The Cold Start drill will allow you to assess target acquisition, target transition, recoil control, weapon transition, and magazine reloads. The drill is conducted at 7 yards. A passing time is 14 seconds, while an elite time is 11 seconds. I don’t want to divulge the specifics of the drill, just the anatomy of the drill. Doing so hopefully encourages you to take the class to assess your proficiency level with both rifle and pistol.

Assessment & Evaluation

After the conclusion of the Cold Start Drill, Mark shares the average times on runs for the class along with the fastest and slowest times. Not to praise one by belittling the other but to assess the student’s proficiency within the course. During this debrief, we are informed how the class will be moving forward and a general plan on how he plans to reinforce the strengths and address the class’s weaknesses.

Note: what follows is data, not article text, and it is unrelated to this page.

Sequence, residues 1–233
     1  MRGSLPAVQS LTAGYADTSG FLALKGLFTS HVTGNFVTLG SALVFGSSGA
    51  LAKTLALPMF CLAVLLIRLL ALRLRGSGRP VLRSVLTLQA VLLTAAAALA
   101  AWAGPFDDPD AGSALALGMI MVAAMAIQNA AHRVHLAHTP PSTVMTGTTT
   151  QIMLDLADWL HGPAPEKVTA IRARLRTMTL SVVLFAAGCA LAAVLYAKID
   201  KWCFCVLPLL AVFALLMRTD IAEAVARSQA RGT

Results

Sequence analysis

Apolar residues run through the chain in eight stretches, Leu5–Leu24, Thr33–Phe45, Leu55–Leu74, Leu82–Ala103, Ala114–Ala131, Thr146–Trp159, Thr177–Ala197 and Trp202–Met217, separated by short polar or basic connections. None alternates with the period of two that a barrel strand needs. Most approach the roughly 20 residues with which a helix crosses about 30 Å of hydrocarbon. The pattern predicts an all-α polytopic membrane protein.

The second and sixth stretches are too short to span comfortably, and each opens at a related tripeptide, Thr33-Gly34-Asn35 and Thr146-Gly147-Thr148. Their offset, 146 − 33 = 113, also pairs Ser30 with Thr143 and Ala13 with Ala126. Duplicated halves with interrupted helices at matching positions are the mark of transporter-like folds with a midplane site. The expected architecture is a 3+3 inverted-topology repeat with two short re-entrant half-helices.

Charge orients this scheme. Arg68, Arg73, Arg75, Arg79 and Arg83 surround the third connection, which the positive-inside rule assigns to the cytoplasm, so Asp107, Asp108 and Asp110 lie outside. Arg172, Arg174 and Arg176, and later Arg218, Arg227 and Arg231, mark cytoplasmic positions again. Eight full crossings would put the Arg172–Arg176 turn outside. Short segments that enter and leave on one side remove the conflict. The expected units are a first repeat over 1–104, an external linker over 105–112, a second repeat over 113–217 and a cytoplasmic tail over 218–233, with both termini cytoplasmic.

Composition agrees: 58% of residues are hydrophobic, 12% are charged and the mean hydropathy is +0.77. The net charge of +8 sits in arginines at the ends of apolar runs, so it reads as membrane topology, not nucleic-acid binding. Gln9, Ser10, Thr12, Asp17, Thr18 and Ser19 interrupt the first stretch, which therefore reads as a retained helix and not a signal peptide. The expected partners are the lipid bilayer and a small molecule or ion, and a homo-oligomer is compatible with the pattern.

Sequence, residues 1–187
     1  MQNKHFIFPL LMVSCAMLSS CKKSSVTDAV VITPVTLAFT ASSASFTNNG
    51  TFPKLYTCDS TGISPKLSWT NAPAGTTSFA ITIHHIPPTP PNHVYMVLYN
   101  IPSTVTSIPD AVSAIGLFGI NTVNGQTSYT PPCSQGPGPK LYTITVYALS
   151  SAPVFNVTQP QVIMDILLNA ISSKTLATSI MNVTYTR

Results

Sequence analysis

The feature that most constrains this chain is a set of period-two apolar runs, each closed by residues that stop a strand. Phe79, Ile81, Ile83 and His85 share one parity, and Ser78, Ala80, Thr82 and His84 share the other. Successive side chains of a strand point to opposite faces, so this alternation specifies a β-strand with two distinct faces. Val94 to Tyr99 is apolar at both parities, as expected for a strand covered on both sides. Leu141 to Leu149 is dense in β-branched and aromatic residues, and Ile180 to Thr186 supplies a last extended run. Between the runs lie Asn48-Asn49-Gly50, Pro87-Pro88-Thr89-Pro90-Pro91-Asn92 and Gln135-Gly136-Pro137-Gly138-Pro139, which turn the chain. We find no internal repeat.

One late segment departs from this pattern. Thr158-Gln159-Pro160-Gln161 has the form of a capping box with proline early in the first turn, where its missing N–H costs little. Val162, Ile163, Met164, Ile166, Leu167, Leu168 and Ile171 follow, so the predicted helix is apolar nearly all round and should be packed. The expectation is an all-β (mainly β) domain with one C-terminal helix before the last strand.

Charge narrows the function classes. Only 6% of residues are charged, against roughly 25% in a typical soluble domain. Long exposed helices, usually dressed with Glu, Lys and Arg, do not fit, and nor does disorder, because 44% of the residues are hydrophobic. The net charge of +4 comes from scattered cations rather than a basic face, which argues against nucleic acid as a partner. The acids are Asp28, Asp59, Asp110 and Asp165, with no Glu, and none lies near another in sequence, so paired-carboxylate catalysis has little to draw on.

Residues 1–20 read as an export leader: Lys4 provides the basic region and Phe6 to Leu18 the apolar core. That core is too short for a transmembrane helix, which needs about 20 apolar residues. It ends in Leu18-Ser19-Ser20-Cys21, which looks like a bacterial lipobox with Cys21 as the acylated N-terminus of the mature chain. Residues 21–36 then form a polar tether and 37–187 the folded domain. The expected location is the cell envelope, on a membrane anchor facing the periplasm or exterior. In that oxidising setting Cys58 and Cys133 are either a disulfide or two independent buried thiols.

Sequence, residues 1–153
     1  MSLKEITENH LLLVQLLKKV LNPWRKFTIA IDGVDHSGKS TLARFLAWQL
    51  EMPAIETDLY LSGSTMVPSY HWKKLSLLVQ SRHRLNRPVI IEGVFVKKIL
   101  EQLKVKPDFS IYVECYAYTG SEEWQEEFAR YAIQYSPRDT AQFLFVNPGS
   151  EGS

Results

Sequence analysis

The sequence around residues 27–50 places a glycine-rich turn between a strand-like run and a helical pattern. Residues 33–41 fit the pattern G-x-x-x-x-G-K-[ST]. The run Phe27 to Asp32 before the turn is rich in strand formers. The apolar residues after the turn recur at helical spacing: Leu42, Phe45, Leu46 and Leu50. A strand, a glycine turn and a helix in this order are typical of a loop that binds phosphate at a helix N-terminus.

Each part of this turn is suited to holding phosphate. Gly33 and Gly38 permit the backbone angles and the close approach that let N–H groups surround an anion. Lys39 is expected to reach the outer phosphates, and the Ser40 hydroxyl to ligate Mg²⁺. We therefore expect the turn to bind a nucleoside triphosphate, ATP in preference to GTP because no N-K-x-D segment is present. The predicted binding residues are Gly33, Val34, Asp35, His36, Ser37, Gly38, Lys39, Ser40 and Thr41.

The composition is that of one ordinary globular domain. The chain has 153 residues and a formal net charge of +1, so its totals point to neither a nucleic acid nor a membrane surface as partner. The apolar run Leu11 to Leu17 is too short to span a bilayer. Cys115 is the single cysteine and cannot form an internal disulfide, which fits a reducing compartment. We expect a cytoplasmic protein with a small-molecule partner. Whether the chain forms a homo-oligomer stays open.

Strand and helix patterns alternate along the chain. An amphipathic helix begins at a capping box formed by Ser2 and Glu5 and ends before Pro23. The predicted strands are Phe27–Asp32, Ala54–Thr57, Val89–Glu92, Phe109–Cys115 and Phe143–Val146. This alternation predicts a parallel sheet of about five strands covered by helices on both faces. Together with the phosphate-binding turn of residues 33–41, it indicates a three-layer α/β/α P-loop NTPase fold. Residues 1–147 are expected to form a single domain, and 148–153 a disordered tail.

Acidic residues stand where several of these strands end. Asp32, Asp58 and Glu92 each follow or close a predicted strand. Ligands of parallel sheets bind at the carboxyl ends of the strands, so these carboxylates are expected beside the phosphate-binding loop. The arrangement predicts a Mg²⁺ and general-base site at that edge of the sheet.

Building Blocks

When building a home, a solid foundation is vital. Having a weak foundation will jeopardize the integrity of the structure and could cause it to collapse when put under immense strain. This analogy also applies to shooting performance and accuracy. If your fundamentals don’t have a solid foundation, it leaves the rest of your skills on a shaky foundation when pushed. Understanding this, Mark’s course focuses on those fundamental skills, ensuring the foundation is solid and then challenging us to see if they have been applied correctly.

At the beginning of the course, we did a cold start drill to assess our performance and proficiency. Once that performance baseline was established, this was the standard he would use to tailor the class to the students. The best way to gauge each individual and find the weakness is to deconstruct and isolate the skills to asses for performance and deficiencies. I consider this the isolation of fundamentals to increase performance and proficiency.